Ready to Wumbo: LND Enables More, Larger Bitcoin Transactions on Lightning

Ready to Wumbo: LND Enables More, Larger Bitcoin Transactions on Lightning

(Artur Tumasjan/Unsplash)

Bitcoin’s Lightning Network has reached a significant milestone. An important capacity limit meant to protect users of the nascent protocol is being tweaked, toppling a barrier to entry for companies looking to adopt the novel payment system. 

LND, a leading Lightning Network implementation from startup Lightning Labs, has announced it has adopted support for wumbo channels. Going forward, users can deposit more money into Lightning Network channels than before, as well as send larger transactions.

Read more:

ACINQ’s eclair and Blockstream’s c-lightning both adopted a form of wumbo earlier this year. According to LND’s fresh , the node software now allows users to opt into “accepting” and “creating” wumbo channels.

The word “wumbo” comes from, believe it or not, , a cartoon series about a talking sponge that works at a burger joint under the sea with an assortment of sea friends. In one scene, SpongeBob’s starfish friend Patrick Star teaches him the word “wumbo.” 

“You wumbo, I wumbo,” Star says, pointing to Spongebob, then himself. Lightning’s “wumbo” is similar in that two users have to agree to wumbo before they wumbo.

There are two parts to wumbo. The first part removes the limit to the total amount of bitcoin that can be held in a channel: This limit is currently capped at 0.16777215 BTC, worth about $1,988 at press time. The second strips away the limit to how large an individual payment can be: That limit has been 0.04294967 BTC, worth about $508 at press time.

Read more:

Wumbo isn’t technically difficult; in fact, it’s very simple. With wumbo channel support, a user can signal he or she wants to go beyond the aforementioned limits and find other nodes to connect to that also support higher limits.

Developers added the limitation to protect users from pouring too much money into Lightning, as it’s still a new and experimental technology. As such, one reason wumbo is a big deal is it is a sign that the payment technology is maturing.

“We view shipping wumbo in LND as a sign that the software has progressed to a certain point where advanced users, companies, and node operators can open larger channels. These larger wumbo channels enable a better user experience with larger transactions on the network and more efficient capital usage for startups and node operators,” Lightning Labs CEO Elizabeth Stark told CoinDesk.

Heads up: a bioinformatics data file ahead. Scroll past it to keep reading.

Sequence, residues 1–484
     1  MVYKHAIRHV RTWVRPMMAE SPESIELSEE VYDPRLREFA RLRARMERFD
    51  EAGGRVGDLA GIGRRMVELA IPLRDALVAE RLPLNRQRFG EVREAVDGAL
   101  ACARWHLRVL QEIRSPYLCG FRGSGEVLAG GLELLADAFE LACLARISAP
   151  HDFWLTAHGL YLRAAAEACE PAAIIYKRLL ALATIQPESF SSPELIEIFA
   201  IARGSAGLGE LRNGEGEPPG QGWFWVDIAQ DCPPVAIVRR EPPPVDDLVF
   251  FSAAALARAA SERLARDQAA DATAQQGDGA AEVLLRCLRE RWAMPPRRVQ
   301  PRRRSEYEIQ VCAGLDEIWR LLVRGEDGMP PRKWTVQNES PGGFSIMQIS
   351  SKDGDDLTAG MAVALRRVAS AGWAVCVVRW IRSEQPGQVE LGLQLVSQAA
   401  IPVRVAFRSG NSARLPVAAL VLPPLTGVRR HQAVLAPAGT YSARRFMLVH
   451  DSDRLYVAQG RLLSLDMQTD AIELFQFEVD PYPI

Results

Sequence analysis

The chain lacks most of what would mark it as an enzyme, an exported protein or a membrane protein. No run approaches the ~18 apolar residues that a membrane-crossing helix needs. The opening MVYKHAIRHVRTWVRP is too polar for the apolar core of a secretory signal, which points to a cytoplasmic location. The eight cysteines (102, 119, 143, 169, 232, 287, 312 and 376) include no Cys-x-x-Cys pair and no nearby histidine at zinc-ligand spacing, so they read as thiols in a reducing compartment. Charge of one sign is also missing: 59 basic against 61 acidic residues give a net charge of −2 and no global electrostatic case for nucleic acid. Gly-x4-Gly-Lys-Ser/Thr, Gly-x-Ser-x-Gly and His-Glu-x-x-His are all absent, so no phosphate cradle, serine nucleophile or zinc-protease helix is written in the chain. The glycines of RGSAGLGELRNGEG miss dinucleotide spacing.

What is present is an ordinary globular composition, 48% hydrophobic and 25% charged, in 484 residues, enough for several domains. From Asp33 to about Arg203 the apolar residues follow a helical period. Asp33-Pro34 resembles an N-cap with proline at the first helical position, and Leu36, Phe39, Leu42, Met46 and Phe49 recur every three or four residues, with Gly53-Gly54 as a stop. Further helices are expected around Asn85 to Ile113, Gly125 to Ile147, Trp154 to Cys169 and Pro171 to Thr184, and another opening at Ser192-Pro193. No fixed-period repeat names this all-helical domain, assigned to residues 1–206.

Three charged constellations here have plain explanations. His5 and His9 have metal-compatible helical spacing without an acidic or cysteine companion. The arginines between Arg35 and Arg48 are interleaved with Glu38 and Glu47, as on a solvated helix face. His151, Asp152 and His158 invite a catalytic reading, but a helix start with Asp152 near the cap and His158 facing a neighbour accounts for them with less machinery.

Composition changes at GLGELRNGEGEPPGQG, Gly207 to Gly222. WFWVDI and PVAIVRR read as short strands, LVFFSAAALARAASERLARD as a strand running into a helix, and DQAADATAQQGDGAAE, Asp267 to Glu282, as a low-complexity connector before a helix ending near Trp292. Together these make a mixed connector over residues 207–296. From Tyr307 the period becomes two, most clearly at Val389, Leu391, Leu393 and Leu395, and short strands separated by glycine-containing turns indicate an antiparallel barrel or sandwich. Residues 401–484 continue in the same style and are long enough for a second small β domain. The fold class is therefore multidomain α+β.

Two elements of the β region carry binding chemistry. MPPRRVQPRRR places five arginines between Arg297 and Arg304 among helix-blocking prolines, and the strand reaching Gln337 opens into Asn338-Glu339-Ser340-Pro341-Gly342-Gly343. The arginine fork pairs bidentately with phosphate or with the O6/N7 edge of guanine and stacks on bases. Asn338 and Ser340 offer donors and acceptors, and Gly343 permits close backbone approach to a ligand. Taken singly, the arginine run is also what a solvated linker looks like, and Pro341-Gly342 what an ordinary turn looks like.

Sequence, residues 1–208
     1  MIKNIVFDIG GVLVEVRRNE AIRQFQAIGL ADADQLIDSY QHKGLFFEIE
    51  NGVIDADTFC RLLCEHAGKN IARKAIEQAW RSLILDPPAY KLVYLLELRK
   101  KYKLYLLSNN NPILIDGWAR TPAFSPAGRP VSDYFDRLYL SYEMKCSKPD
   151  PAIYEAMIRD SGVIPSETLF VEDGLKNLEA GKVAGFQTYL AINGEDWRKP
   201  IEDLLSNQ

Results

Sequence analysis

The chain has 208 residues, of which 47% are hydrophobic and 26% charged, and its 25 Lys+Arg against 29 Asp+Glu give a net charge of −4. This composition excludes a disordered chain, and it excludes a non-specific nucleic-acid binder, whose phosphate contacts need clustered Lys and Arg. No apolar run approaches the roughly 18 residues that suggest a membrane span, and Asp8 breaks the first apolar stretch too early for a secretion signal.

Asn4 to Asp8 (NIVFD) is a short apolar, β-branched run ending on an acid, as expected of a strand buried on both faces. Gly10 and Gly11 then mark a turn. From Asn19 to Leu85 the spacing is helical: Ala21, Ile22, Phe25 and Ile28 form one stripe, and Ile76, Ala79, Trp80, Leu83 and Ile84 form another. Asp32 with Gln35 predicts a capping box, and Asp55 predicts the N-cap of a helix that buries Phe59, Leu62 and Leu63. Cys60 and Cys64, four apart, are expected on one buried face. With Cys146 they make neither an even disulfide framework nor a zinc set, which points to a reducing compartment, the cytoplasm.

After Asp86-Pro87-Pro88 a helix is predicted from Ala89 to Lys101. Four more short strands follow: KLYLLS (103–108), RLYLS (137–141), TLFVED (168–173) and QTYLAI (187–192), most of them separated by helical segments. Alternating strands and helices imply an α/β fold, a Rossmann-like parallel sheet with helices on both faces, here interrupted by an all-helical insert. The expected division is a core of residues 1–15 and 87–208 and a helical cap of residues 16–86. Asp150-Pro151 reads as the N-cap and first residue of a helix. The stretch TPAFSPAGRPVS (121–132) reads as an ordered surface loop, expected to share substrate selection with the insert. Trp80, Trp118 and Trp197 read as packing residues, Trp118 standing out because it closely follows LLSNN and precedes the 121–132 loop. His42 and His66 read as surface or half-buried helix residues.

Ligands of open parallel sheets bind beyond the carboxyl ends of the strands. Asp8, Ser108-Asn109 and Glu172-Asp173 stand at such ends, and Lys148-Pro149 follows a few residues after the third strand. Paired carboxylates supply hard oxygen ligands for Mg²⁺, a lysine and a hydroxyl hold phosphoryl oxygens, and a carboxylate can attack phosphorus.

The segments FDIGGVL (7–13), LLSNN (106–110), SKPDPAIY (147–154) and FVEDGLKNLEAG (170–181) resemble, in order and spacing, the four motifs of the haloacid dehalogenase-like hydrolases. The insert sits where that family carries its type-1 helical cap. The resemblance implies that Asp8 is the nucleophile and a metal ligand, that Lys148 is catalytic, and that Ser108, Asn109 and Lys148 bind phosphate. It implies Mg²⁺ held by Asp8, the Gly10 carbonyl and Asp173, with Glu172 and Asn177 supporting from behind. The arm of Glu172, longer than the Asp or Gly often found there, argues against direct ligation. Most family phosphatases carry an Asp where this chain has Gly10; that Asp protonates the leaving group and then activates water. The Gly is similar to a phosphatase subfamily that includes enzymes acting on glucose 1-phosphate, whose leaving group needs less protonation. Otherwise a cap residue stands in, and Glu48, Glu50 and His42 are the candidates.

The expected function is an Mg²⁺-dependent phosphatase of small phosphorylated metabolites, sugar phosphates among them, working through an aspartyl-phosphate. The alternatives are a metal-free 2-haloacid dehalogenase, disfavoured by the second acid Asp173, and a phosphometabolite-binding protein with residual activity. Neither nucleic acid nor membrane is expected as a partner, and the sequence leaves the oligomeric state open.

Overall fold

That’s not to say they don’t think people still need to be careful working with this new technology.

“That said, we do not encourage people to go all ‘DeFi’ on Lightning (), as we believe people should balance the risks of deploying capital on a new protocol that could have bugs with the benefits of larger channel sizes,” Stark added.

Average Lightning users might not be impacted much by wumbo. If they’re using the Lightning Network to send small amounts, then this lift on capacity won’t make a difference to them. 

Larger entities such as business or exchanges, on the other hand, might want to take advantage of a larger capacity.

“Most users can likely get by without wumbo channels, but larger nodes or exchanges/services may really benefit from the ability to manage a smaller set of larger channels,” LND developers explain in the .

Read more:

That’s why some developers think wumbo will take the Lightning Network to the next level. They think it will attract wider adoption of the Lightning Network among larger entities, making it accessible to more users.

“Most of the major node operators and startups run our LND implementation, so unless they’ve forked LND and added Wumbo themselves (which a few have, and this was riskier without official support), they would not have had this feature enabled,” Stark said.

Still, some companies have already added support for wumbo without waiting for an official route to do so. As such, Acinq CEO Pierre-Marie Padiou is skeptical LND adding support for wumbo will make a huge difference.

“It can’t hurt, but larger nodes […] have already switched, so the improvement has probably already taken place,” he told CoinDesk.

Channel and transaction limits were put in place to protect users from potentially losing large amounts of bitcoin by sending it over an experimental network. What makes developers think Lightning is now ready to live without these limits?

“I think we’ve gained experience, and with that comes confidence,” said Blockstream engineer Rusty Russell, though he still expressed caution: “As always, it’s best to think of Lightning as your petty cash, rather than your life savings.”

Read more:

People have a choice – they obviously don’t have to use the ballooned capacity that wumbo channels allow. “With regard to security, with Eclair you can decide whether or not you decide to allow large channels and what the maximum channel size you accept [is]. We also scale the number of confirmations for the funding transaction depending on the amount of funds at stake,” Padiou told CoinDesk.

Russell also pointed out that the payment limit of 0.16777215 BTC was far less valuable, equivalent to about $10 dollars, when it was originally proposed years ago. As bitcoin’s price has increased over the last several years, this value limit has ballooned to almost $2,000. So, to a degree, the limit has naturally lifted over time.

“So we got wumboed already without having to even put our belt on,” Russell said, referencing the belt SpongeBob wears in the wumbo scene.

Bitcoin Has Lost Its Way: Here’s How to Return to Crypto’s Subversive Roots


ETC Labs Rolls Out Fixes to Thwart Further 51% Attacks on Ethereum Classic